Tag Archives: Andy Harris

Oddly Competitive Primary in MD CD1

Let us be clear here: No one running in the Democratic Primary for Maryland’s First Congressional District has any realistic shot at beating Andy Harris. Frank Kratovil’s victory in 2008 required a perfect storm (and Kratovil lost by double digits in 2010). The district was made even more Republican in the most recent round of gerrymandering (trading swingy Anne Arundel Precincts for dark red territory in Carroll, Baltimore and Harford Counties). Andy Harris will likely hold this seat until 2022 when Mike Miller decides to eliminate the last Republican in Maryland’s congressional delegation via redistricting.

All that being said, two exceptionally strong candidates are duking it out for the right to be the standard bearer for the Team Blue come November.

On one side you have John Laferla–a surgeon and former Chairman of the Kent County Democratic Central Committee. He narrowly lost the 2012 Primary to Made in America Activist Wendy Rosen (who subsequently dropped out following allegations that she had committed voter fraud). During the primary, he received endorsements from NARAL Pro Choice MD, Planned Parenthood, former US senator John Breaux and former Republican MD-01 Congressmen Wayne Gilchrist.  Following Rosen’s withdrawal Laferla ran with the party blessing as a write in candidate. My spies tell me Laferla has retained Dave Goodman of Trublu Politics as his Direct Mail Consultant.

The other candidate is Bill Tilghman–a wealthy retired attorney (Piper Marbury now DLA Piper) and business executive with Marriott. He has also been involved in several start ups. The Tilghman family has been historically been prominent on the Eastern Shore. Tilghman has a highly qualified Finance Director and my spies tell me he has hired Main Street Communications as his Media Consultant.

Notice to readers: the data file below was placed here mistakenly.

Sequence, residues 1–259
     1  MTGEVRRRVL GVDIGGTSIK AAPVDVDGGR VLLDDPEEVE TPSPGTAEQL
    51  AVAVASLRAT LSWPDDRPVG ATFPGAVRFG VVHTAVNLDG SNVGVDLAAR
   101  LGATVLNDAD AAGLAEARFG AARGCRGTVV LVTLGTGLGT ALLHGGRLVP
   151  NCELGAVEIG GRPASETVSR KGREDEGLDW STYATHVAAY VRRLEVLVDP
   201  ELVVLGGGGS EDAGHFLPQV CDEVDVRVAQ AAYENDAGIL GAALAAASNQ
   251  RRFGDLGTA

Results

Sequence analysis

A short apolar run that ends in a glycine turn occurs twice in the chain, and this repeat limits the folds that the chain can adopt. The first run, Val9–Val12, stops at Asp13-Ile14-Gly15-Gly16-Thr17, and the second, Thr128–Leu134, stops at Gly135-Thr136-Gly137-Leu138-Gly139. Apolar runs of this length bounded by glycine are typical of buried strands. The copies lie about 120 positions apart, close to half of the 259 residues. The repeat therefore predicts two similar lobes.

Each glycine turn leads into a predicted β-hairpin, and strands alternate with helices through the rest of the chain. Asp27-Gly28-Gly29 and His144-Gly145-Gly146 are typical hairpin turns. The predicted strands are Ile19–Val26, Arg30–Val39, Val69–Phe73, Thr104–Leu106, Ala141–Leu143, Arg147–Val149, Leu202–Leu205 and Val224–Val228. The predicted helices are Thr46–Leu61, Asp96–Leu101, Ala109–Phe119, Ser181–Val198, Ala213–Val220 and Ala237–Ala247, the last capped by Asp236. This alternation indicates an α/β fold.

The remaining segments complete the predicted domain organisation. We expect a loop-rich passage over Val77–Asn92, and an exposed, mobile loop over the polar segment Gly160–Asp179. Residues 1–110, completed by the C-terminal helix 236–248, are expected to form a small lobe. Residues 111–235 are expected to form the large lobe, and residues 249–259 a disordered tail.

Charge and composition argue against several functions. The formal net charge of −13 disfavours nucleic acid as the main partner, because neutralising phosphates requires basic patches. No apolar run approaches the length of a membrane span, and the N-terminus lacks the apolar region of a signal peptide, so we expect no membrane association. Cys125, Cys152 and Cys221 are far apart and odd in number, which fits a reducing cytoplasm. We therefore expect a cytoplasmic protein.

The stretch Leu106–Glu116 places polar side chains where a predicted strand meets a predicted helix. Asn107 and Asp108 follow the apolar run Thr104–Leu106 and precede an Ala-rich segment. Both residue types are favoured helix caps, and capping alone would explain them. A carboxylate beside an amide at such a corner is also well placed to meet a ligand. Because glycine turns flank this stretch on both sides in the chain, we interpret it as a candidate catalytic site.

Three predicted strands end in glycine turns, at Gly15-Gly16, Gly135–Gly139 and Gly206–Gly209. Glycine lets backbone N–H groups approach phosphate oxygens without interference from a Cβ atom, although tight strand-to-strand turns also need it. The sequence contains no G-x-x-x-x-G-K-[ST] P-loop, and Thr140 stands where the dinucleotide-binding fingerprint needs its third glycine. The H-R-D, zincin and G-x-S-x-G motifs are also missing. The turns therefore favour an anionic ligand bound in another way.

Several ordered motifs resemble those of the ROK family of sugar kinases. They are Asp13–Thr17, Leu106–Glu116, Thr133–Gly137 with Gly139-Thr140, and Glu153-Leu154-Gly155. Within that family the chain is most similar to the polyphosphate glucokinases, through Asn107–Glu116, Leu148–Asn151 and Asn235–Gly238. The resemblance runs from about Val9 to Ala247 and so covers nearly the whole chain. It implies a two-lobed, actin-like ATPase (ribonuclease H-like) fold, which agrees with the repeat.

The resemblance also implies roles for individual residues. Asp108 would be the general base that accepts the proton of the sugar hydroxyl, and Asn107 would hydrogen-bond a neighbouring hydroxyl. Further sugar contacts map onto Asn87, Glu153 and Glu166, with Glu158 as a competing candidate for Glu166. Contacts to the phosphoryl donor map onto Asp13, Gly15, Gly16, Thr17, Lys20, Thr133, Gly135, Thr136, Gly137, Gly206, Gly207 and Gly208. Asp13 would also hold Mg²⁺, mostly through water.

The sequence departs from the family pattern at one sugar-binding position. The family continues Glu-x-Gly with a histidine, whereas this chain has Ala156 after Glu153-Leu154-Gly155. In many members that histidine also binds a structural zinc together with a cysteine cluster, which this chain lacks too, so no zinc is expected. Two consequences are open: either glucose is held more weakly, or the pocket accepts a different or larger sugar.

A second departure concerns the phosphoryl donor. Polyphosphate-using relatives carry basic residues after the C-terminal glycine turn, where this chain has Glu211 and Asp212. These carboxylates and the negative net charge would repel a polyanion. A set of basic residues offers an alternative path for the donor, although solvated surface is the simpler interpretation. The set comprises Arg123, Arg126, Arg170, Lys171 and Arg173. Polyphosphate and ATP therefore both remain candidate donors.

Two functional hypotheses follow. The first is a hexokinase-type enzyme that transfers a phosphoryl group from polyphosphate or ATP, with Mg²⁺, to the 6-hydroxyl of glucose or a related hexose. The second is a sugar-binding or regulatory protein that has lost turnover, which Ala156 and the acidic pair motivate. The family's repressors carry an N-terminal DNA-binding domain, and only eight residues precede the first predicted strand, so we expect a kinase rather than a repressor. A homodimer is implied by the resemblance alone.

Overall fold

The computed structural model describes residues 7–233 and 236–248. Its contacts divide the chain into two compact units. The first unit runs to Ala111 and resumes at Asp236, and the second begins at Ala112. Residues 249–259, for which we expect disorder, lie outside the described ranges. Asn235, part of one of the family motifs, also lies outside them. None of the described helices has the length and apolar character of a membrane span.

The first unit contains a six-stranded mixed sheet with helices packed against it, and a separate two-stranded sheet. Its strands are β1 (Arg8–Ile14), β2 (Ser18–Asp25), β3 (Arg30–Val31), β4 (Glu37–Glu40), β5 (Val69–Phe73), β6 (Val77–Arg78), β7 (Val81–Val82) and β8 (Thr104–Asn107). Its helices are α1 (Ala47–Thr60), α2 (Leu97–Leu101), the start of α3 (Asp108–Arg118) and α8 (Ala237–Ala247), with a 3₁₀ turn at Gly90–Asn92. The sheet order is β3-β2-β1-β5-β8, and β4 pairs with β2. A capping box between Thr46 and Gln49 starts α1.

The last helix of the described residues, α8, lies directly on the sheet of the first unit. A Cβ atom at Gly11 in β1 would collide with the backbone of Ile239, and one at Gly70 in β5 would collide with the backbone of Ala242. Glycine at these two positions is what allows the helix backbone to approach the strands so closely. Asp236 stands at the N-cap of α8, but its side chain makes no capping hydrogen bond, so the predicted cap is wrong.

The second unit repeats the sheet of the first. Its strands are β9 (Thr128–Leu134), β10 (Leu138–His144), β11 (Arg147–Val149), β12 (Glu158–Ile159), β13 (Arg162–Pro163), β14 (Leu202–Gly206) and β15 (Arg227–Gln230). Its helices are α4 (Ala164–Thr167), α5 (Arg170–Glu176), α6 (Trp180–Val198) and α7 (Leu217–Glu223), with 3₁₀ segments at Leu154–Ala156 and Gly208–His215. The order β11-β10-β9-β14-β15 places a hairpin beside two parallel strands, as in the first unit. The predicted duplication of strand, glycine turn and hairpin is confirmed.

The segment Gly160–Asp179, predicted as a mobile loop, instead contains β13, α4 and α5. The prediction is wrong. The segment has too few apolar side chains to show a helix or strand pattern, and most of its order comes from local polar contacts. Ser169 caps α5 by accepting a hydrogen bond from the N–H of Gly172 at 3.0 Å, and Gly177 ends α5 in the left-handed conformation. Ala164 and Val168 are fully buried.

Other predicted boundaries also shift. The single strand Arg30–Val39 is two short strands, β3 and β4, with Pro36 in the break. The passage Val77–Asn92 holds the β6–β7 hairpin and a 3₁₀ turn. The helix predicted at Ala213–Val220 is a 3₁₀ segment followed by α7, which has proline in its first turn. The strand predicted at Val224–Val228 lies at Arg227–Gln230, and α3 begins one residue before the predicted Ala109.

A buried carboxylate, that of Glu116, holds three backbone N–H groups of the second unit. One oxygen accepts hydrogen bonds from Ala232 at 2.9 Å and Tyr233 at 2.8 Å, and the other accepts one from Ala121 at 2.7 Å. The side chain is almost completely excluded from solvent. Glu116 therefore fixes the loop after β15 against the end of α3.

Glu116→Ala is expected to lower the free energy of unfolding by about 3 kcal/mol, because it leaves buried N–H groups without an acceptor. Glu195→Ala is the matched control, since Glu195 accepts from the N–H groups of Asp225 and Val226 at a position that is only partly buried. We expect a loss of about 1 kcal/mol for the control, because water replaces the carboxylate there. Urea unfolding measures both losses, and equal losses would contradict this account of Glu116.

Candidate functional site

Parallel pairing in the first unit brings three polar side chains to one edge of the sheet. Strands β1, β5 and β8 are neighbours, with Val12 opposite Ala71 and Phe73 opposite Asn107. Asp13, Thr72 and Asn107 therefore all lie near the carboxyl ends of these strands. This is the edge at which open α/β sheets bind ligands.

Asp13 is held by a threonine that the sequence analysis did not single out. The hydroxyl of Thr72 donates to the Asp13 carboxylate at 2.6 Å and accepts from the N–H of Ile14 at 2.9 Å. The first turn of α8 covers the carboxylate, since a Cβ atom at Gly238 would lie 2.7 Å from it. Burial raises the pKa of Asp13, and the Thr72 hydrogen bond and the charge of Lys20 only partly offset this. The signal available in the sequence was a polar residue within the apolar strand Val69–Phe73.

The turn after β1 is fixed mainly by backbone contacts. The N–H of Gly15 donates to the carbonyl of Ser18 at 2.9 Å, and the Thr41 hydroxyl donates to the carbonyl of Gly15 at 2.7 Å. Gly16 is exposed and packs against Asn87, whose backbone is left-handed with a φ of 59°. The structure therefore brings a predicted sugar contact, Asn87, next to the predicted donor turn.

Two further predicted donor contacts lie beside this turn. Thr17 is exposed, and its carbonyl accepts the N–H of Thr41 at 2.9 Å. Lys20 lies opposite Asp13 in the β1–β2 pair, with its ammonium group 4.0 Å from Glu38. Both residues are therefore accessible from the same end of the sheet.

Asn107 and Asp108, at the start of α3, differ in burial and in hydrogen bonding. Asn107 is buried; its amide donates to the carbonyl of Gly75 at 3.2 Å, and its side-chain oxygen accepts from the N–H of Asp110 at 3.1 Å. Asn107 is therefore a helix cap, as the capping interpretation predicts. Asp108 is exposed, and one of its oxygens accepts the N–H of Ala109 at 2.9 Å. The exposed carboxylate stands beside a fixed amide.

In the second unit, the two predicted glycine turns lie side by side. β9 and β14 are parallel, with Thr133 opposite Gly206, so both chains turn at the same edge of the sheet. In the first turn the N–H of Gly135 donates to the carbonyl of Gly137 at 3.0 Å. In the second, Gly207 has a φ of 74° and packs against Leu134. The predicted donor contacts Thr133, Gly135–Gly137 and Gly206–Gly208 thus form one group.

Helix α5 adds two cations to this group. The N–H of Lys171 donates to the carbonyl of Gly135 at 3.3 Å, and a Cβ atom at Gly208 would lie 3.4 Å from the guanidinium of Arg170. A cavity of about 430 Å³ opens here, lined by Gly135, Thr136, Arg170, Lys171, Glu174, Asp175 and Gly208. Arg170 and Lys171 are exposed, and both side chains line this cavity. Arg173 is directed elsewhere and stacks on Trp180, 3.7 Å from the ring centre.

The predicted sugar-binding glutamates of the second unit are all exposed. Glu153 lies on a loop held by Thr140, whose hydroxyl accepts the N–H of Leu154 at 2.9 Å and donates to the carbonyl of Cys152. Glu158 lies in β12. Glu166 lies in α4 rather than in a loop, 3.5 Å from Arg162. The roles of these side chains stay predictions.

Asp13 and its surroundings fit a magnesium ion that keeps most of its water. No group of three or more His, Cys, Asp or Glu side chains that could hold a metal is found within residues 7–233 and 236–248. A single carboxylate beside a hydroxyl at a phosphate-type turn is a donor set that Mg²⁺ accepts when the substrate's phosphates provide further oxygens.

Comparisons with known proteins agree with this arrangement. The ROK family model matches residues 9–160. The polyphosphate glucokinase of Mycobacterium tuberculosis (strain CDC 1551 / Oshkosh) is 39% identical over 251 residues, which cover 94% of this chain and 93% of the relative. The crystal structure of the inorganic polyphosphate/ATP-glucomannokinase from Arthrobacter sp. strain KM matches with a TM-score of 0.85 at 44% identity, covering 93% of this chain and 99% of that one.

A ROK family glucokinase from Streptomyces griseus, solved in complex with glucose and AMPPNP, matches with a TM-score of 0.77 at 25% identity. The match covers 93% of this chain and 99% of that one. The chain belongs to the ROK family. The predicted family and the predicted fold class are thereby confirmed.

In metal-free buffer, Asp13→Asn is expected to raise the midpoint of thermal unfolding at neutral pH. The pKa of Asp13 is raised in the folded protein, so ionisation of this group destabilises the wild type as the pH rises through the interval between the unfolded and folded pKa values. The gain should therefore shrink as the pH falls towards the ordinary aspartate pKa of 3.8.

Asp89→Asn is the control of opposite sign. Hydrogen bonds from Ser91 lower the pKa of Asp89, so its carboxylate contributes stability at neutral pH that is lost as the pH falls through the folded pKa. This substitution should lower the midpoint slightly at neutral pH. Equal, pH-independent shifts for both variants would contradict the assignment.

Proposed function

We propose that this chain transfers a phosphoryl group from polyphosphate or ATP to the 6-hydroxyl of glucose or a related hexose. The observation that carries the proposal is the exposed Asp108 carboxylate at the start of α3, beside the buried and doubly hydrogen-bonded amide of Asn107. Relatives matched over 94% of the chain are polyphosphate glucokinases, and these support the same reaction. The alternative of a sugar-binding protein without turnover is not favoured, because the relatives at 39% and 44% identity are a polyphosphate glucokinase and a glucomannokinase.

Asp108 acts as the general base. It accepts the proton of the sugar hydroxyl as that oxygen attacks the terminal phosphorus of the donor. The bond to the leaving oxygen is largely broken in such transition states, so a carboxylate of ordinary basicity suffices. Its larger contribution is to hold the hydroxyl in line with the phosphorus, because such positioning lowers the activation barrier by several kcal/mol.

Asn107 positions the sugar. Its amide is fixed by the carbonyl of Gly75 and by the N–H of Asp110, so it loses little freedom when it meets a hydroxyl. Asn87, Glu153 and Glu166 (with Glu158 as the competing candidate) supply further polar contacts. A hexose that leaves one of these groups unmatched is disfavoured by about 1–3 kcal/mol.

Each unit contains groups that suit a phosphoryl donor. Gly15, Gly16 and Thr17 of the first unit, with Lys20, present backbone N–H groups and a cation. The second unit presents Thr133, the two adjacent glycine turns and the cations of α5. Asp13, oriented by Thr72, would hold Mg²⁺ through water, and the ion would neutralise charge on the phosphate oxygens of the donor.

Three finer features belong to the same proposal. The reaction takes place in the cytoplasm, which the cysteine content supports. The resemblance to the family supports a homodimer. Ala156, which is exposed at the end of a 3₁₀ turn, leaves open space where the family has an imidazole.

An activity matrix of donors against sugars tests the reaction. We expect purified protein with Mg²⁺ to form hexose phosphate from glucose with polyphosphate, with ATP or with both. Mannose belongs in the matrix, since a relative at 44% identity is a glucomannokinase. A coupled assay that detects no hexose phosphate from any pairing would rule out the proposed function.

Both would be far stronger nominees than one would expect to see in this district. It is unclear who has the edge here.

Primary Rating: Toss Up.
General Election Rating : Safe Republican

Share

Rorschach Map of Incumbent Desires

Much has been made of the, ahem, “creative” boundaries of Maryland’s current congressional districts. A previous post provided more detailed maps that show the true artistry of the districts. But here is a statewide view that probably doesn’t do it full justice:

CDMDMaryland’s Current Congressional District Map

Many cite the non-compact boundaries as evidence of partisanship. Certainly, the 6th District was reconfigured to aid Democrats, who picked up the seat in 2012. However, Democrats did not have to draw these non-compact districts to gain a 7-1 majority in place of the previous 6-2 split. The following plan has seven districts that Obama won by 15% or more in 2008:

Obama15ptsAlternative Congressional Plan 1

While probably not the most compact plan that could be drawn, it also is clearly much more compact than the enacted plan. Beyond containing seven very Democratic districts, it also still contains two districts that are over 50% black in voting-age population.

A map that gave Democrats at least a 10% advantage in seven districts, again as measured by support for Obama in 2008, could be made even more compact and violate fewer county boundaries:

Obama10ptsAlternative Congressional District Plan 2

In this version, District 8 doesn’t reach the Pennsylvania border or take in any portion of Carroll County, which is no longer split. The Fourth District is also entirely within Prince George’s. Montgomery County has only two districts instead of three.

So why did the Democrats choose to adopt a plan with such meandering districts instead of a simpler version? According to many different sources, the answer lies in the desire to favor the preferences of certain incumbents, even when they were highly idiosyncratic and would not alter their reelection chances.

(1) Rep. Steny Hoyer insisted on continuing to represent UMD College Park, which he has represented since entering Congress. (Love the Turtle!) However, College Park is at the northwestern end of Prince George’s. Accommodating the desires of this powerful representative forced many other changes to plan.

For example, the 4th couldn’t continue to go into Montgomery if the 6th was to take in significant portions of that County, so the 4th now crawls around the edge of Prince George’s to enable it to scoop up Republican voters in Anne Arundel.